What sets you apart is your journey, not your destination
“I came here, and the rest is history.”
“I sent an unsolicited email, got an audition, and the rest is history.”
“I set up a profile, got my first client, and the rest is history.”
While you might summarize your life stories in a single sentence like what I did above, neither the starting point nor the destination (if there is one) says anything about who you are. What sets you apart is your journey.
And the most exciting parts of your journey are not the highlight moments, but the grind — trial and error, emotional breakdowns, losing hope and almost quit, and even hitting the rock bottom of your life.
How can we enjoy the grind more, so we can turn it to our advantage?
Accept the Grind as It Is
The very first step is to stay there with it. You might want to run. You might want to replace writing with household chores or workouts and you will want to replace deep work with easy tasks.
Don’t. Stay there with it. Know that you are going to put pen to paper. Know that you are going to learn something difficult. Know that you are going to put together a website, or portfolio, and it’s going to take time and energy.
Accept that they are not easy but are crucial for your career. And accept that there is no bypass — there is only one way, that is to go through it. Drop your expectations and perfectionism, and just invite yourself to do them, regardless of how they turn out to be.
While delegation is certainly necessary for your life and career, it is not done from a place of avoidance, but used as a strategy to refocus your time and energy. Know the things you are delegating and make it a conscious, deliberate choice, so you will be in control of the process.
My happiness grows in direct proportion to my acceptance, and in inverse proportion to my expectations. — Michael J. Fox
Take notice of what you are resistant to. Think of it as an old friend and write down this conversation. See what comes out of it.
Batching Tasks & Pairing Tasks
Do you get bored easily? Boredom is probably one of the biggest energy killers. If you want to enjoy the grind and make it flow more smoothly, learn to spice things up by batching and pairing.
Batching similar tasks in a set time frame to maximize productivity, so you get everything done all at once. For example, replying to all emails (work or personal one) within the next 45 minutes, or get groceries on your way back from the bank to save time.
Pairing a difficult task with a fun one so the memory will stick and you will be more inclined to make it a habit. For example, I would cook a delicious meal right after a writing session to relax, and also reward myself. Or I’d add reap the benefits of a yoga session by writing right afterward to get into the flow sooner.
These skills do require some experiment, but hey, you are the creator of your own life, so why not just enjoy the experiments?
“Batch the process. Pick a day of the week for scheduling and spend that time adding updates to your social media queue.” — Kevan Lee
Find out creative ways to batch and pair tasks and experiment with them. Find out your favorite combinations and make it a routine. Feel free to shake things up when you get bored!
Celebrate Each Tiny Win
In “ The Chimp Paradox”, Steve Peters describes how the humans in us celebrate, while the chimps in us are rarely happy with our achievement and constantly beat ourselves up.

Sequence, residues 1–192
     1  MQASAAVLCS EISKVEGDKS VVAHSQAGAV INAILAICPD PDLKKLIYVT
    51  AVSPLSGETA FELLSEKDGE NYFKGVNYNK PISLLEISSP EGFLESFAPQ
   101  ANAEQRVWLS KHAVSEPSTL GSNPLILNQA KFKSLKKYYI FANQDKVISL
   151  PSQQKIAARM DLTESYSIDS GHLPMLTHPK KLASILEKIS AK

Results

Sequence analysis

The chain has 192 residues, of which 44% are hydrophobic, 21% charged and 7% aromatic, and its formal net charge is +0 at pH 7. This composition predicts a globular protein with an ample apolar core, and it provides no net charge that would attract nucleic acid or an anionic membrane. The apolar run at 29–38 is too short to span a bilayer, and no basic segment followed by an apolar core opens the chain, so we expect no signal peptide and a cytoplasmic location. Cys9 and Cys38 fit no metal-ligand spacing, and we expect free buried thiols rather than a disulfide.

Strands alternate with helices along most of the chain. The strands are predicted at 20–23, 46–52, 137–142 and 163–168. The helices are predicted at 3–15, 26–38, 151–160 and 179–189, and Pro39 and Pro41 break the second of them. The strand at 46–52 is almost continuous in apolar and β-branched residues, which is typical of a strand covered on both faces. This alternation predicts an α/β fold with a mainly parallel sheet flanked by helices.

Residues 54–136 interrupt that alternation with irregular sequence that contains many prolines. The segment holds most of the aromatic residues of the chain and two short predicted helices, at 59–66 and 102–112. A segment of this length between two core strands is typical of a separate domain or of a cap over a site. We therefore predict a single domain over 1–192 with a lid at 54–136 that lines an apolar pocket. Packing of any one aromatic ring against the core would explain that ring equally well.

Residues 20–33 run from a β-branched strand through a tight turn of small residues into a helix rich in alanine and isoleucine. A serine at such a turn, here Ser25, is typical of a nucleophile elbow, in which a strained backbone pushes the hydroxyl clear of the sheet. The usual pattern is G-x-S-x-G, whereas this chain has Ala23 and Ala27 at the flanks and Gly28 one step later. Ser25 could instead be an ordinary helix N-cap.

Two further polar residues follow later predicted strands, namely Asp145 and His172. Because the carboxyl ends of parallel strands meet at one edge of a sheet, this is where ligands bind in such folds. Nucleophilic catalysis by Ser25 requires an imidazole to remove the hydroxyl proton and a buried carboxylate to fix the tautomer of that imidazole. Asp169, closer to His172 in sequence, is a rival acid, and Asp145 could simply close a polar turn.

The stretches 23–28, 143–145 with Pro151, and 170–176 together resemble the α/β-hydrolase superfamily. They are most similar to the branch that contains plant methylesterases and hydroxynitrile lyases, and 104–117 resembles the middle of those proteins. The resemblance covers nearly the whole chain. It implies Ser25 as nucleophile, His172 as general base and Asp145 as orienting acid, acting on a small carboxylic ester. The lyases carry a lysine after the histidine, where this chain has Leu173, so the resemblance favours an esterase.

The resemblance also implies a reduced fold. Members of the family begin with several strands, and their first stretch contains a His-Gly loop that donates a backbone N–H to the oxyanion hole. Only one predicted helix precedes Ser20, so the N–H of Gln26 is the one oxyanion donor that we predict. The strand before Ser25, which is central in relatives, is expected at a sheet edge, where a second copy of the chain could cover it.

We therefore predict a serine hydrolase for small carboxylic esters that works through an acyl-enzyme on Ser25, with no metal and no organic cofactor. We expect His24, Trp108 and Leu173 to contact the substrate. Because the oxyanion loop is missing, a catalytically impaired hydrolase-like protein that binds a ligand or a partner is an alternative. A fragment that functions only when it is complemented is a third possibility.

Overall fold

That’s why it’s very important to celebrate each tiny win, even if it’s as small as you finally solving a problem with the help of a customer service representative.
If we fail to celebrate small wins and only focus on the big ones, they will seem so far away and we will feel we will never make enough progress to get there.
On the other hand, once we get the ball rolling, acknowledging and celebrating each tiny win along the journey will compound the interests of our confidence bank.
“The more you praise and celebrate your life, the more there is in life to celebrate.” — Oprah Winfrey
Take inventory of things you’d like to celebrate, along with things you are grateful for. These two work magic together.
Associate with Good People
I’m an only child, the first and only immigrant of my family, and I am a solopreneur. What does this sentence tell you about me?
Yes, I’m a lone wolf. Highly introverted, I enjoy solitude more than anything else (except the company of dogs). I have to constantly remind myself to connect with people.
Don’t just bury yourself in the tasks — take a break and meet new people. Be genuinely curious about them, and let them be curious about you. Crack a joke or two, or have a deep conversation. Try to add value to their lives, and let them do the same to yours.
Associating yourself with good people will stimulate your mind and add value to your life, not to mention everything is about relationships, and all businesses are built by relationships.
Associating with people is also a fantastic way to help you take a step away from your daily grind, and come back with fresh eyes. You will be more inspired when you let others inspire you.
A man only learns in two ways, one by reading, and the other by association with smarter people. — Will Rogers
Practice meeting new people and being present with them. When you think of someone because of something, don’t forget to reach out. You will probably make someone’s day because of that.
Making the daily grind enjoyable is crucial to our happiness and success. Find your own unique ways to make your days fun and flow better, so you can maintain an ideal level of energy, productivity, and emotional wellness.